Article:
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How to change file association programmatically when the user does not have admin/elevated rights (Win XP, Vista, 7)? Any ideas about how to work around this? Basically I would like to keep my application as lite as it is now (it doesn't need elevated rights to install and run). At the moment I offer a GUI interface where the user can change the file association, but if the user has limited rights all it does is to show a message that it cannot do that and it explains to it how to activate the "Run this program as administrator" box then restart the program. If the user has the rights, then I just change the association.

There is a better way to do it and stay 'lite'?

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4 Answers 4

up vote 10 down vote accepted

In Windows (since windows 2000) you're allowed to have system-wide file association, which require elevated privileges to be set, and per user file associations.

If you want to stay lite, make a per_user file association and that's it.

Take a look on this article: Changes in File Types and File Association Features in Windows 2000 and Windows Server 2003.

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+1 if you don't want any operations to require elevation, then just stick to user profile level settings. –  David Heffernan Jan 3 '11 at 14:21
    
"per_user file association" - - - I was not aware that you could do that. Sounds nice. This is the middle ground between 'going global' versus 'staying lite'. +1 (it might be the answer I was looking for) –  Altar Jan 3 '11 at 14:59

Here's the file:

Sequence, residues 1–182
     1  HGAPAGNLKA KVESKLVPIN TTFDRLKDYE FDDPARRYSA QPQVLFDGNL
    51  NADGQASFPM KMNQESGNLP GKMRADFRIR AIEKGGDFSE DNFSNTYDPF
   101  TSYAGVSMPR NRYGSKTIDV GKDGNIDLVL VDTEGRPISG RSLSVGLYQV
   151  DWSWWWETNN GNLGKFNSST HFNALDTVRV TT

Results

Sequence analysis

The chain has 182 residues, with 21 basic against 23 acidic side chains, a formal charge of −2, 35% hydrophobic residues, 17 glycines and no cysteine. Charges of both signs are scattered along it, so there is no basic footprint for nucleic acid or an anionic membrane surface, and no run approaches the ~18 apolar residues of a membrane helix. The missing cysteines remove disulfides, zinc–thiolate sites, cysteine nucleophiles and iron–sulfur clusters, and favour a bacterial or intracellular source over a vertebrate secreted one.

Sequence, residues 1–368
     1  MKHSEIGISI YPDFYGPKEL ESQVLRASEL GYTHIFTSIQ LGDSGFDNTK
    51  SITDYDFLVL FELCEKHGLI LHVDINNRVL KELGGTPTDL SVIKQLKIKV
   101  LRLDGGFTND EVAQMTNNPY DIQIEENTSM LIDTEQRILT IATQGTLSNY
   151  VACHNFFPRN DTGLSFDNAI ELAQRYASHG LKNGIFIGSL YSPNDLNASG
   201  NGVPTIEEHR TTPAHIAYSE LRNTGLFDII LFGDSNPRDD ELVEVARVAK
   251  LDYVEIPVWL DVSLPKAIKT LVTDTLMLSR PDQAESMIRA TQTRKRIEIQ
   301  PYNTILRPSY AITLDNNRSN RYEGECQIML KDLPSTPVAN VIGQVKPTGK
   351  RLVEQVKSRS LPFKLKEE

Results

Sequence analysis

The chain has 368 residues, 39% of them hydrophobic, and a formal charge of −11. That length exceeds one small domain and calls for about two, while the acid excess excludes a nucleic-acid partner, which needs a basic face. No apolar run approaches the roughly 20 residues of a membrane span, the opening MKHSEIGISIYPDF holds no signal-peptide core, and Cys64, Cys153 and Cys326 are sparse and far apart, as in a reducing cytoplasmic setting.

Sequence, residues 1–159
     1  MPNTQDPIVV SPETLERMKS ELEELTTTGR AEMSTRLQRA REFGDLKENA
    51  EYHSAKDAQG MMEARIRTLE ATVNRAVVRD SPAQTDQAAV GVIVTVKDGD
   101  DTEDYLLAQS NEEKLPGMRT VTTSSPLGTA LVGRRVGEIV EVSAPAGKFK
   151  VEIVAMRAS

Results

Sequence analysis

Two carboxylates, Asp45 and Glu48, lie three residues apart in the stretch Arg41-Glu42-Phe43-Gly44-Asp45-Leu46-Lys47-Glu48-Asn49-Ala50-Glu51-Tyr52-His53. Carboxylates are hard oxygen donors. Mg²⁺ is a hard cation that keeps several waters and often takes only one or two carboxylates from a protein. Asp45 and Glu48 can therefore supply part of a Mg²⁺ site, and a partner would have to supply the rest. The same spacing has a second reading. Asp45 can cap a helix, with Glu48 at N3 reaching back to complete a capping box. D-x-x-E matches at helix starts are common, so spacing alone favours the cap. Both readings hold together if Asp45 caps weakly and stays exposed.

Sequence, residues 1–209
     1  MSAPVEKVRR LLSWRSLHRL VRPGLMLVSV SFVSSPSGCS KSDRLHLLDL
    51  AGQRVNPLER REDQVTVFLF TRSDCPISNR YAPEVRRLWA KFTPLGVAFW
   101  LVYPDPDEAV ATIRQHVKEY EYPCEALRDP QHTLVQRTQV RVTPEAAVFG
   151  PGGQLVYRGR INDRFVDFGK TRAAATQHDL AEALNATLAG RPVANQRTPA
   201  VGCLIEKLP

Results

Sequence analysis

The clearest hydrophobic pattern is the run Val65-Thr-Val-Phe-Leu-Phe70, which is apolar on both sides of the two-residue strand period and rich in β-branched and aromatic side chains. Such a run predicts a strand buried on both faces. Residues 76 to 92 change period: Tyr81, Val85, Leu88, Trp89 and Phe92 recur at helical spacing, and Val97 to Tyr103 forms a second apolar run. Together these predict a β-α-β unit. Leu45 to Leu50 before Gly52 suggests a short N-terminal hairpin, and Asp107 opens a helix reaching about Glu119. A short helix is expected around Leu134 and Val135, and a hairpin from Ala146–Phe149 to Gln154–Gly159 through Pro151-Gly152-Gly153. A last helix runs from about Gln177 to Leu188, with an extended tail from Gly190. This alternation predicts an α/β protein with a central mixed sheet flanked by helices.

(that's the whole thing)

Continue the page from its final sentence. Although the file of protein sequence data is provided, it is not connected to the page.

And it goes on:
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This is the answer you're looking for. You can't allow a non-privileged user to make global changes (in turn impacting privileged users as well), because it would be a security breach - there's a reason if Windows does not allow to do it. Don't try to circumvent security - write well-behaved applications. –  user160694 Jan 3 '11 at 16:08
    
Hi ldsandon - I totally understand why but it doesn't mean I want that. I don't care about how MS wants user to use the computer. I care about what I can do for the user/customer to give him more power with less headache. The ideal solution will be to allow the user to associate the program without the need to elevate the rights. Don't think about the lazy user when about to poke in the password. Think about the poor user who doesn't have the password AND it is a legit user. Again - I totally understand why MS is doing that!! We all like the new level of security that Win 7 reach (Linux like). –  Altar Jan 3 '11 at 17:25
    
If you don't care about how MS designed Windows security, you don't care about users security. You have a way to allow an unprivileged user to customize her own associations, and that's enough. She should not in any way change whole system settings, why should she?? If she is a legit yet unprivileged user, there's a reason. Proper rights will protect the user herself from actions that could create havoc on a system. I really can't understand programmers that spend time to work around sensible security reason "just to simplify user life". Then when the system is compromised blame Windows... –  user160694 Jan 3 '11 at 19:22